from Africa in Transition

What Famines?

Men unload boxes of nutritional supplements from an helicopter prior to a humanitarian food distribution carried out by the United Nations World Food Programme (WFP) in Thonyor, Leer county, South Sudan, February 25, 2017. Siegfried Modola/Reuters

July 21, 2017

Men unload boxes of nutritional supplements from an helicopter prior to a humanitarian food distribution carried out by the United Nations World Food Programme (WFP) in Thonyor, Leer county, South Sudan, February 25, 2017. Siegfried Modola/Reuters
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A poll conducted by the International Rescue Committee (IRC) shows that only about 15 percent of Americans are aware of the famines in Nigeria, South Sudan, Somalia, and Yemen. Known as the “four famines,” these disasters put more than twenty million people at risk. When Americans are informed about the crises, however, 73 percent say that it must be a major global concern. According to David Miliband, the CEO of the IRC and a former British foreign secretary, millennials, those born between 1981 and 1997, recognize the severity of the crisis more than any other group.

The IRC finding is yet more evidence of the need to educate Americans on the four famines. A campaign by the recently-formed Global Emergency Response Coalition—comprising eight of the largest foreign assistance and humanitarian organizations in America—seeks to do just that. Together, these organizations hope to more effectively raise awareness and money. (George Clooney is supporting the effort.) It boasts a host of corporate funders, including the PepsiCo Foundation and BlackRock, which have each promised $1 million in matching donations, as well as Google and Twitter.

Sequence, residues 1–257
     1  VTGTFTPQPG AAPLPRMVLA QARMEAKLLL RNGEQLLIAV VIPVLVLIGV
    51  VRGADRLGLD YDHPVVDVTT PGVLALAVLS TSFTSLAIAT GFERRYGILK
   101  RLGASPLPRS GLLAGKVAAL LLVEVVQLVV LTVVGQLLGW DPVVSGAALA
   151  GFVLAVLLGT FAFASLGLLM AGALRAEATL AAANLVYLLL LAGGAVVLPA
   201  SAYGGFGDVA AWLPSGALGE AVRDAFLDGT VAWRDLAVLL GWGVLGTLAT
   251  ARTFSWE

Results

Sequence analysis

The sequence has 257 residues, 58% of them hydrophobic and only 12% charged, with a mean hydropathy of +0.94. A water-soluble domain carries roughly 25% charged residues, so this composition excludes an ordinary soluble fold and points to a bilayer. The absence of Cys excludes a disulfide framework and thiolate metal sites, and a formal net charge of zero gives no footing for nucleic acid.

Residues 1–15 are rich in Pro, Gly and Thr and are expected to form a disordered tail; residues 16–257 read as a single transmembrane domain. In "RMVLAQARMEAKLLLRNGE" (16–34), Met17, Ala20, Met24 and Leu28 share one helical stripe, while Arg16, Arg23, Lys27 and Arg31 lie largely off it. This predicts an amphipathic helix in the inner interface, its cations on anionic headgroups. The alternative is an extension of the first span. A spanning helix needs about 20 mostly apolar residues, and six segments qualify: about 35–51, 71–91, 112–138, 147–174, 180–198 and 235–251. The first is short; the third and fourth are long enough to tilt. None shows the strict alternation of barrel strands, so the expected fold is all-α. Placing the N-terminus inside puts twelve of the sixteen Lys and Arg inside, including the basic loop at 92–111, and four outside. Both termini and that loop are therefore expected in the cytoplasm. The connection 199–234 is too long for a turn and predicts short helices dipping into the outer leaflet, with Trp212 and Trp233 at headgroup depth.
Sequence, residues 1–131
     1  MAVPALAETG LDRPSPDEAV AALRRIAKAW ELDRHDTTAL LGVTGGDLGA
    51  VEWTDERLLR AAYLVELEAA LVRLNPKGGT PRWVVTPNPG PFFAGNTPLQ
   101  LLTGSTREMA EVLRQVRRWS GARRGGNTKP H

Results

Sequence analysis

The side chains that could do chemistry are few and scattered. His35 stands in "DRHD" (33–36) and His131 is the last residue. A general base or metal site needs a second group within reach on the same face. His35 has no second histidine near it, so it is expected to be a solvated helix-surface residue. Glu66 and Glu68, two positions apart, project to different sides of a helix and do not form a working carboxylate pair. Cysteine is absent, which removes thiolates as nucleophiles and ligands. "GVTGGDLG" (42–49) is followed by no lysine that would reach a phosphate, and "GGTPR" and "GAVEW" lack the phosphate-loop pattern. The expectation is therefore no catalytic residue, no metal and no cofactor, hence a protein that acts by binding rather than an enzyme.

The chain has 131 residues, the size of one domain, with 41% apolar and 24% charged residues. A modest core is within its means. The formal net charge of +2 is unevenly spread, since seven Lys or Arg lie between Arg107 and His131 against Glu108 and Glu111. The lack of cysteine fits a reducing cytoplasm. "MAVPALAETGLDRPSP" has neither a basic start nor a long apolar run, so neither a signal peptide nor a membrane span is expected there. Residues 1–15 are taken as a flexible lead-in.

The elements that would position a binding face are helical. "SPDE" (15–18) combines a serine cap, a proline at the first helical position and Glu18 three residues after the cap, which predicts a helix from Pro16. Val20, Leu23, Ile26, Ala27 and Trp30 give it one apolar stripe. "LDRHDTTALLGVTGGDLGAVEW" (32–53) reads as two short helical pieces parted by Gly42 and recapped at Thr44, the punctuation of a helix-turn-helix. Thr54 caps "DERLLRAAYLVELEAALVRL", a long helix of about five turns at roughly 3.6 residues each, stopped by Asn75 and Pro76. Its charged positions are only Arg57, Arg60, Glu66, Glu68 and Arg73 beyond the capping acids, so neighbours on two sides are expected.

More on:

Sub-Saharan Africa

Foreign Aid

Humanitarian Crises

Similar efforts have had some success in the past. The Bring Back Our Girls campaign in response to the Chibok schoolgirls kidnapping in 2014, and the Lost Boys of Sudan campaign in response to boys displaced and orphaned by the Second Sudanese Civil War, were largely successful in their efforts to educate the international public on these disasters. It is to be hoped that this one will be as well.
 

More on:

Sub-Saharan Africa

Foreign Aid

Humanitarian Crises

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